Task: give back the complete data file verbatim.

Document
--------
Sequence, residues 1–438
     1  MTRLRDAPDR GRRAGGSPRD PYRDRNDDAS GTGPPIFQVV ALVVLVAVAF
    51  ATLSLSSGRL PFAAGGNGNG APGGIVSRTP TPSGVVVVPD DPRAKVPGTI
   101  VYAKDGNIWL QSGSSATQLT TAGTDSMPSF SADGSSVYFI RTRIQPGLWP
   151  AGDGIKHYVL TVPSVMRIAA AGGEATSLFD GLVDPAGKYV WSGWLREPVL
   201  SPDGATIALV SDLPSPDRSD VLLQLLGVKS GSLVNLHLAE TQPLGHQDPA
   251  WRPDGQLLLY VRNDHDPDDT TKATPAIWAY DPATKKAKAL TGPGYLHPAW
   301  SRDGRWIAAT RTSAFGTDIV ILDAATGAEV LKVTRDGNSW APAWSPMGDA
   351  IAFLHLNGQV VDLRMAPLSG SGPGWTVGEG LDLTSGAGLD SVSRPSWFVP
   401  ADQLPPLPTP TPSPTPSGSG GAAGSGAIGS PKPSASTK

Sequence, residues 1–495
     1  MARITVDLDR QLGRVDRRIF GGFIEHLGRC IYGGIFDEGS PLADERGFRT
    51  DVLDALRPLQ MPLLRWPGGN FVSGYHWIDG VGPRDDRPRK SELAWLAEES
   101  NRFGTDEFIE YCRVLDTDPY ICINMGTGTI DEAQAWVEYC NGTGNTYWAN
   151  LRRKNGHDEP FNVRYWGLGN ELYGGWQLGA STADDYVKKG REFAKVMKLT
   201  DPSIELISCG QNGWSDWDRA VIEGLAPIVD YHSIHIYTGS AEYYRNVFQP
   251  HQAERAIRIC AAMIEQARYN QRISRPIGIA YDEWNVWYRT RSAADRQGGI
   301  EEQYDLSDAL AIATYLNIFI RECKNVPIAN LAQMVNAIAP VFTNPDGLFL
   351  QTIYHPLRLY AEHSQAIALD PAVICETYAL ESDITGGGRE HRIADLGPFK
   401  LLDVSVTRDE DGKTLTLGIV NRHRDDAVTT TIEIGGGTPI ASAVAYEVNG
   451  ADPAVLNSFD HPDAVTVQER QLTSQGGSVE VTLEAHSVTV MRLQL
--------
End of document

Sequence, residues 1–438
     1  MTRLRDAPDR GRRAGGSPRD PYRDRNDDAS GTGPPIFQVV ALVVLVAVAF
    51  ATLSLSSGRL PFAAGGNGNG APGGIVSRTP TPSGVVVVPD DPRAKVPGTI
   101  VYAKDGNIWL QSGSSATQLT TAGTDSMPSF SADGSSVYFI RTRIQPGLWP
   151  AGDGIKHYVL TVPSVMRIAA AGGEATSLFD GLVDPAGKYV WSGWLREPVL
   201  SPDGATIALV SDLPSPDRSD VLLQLLGVKS GSLVNLHLAE TQPLGHQDPA
   251  WRPDGQLLLY VRNDHDPDDT TKATPAIWAY DPATKKAKAL TGPGYLHPAW
   301  SRDGRWIAAT RTSAFGTDIV ILDAATGAEV LKVTRDGNSW APAWSPMGDA
   351  IAFLHLNGQV VDLRMAPLSG SGPGWTVGEG LDLTSGAGLD SVSRPSWFVP
   401  ADQLPPLPTP TPSPTPSGSG GAAGSGAIGS PKPSASTK

Sequence, residues 1–495
     1  MARITVDLDR QLGRVDRRIF GGFIEHLGRC IYGGIFDEGS PLADERGFRT
    51  DVLDALRPLQ MPLLRWPGGN FVSGYHWIDG VGPRDDRPRK SELAWLAEES
   101  NRFGTDEFIE YCRVLDTDPY ICINMGTGTI DEAQAWVEYC NGTGNTYWAN
   151  LRRKNGHDEP FNVRYWGLGN ELYGGWQLGA STADDYVKKG REFAKVMKLT
   201  DPSIELISCG QNGWSDWDRA VIEGLAPIVD YHSIHIYTGS AEYYRNVFQP
   251  HQAERAIRIC AAMIEQARYN QRISRPIGIA YDEWNVWYRT RSAADRQGGI
   301  EEQYDLSDAL AIATYLNIFI RECKNVPIAN LAQMVNAIAP VFTNPDGLFL
   351  QTIYHPLRLY AEHSQAIALD PAVICETYAL ESDITGGGRE HRIADLGPFK
   401  LLDVSVTRDE DGKTLTLGIV NRHRDDAVTT TIEIGGGTPI ASAVAYEVNG
   451  ADPAVLNSFD HPDAVTVQER QLTSQGGSVE VTLEAHSVTV MRLQL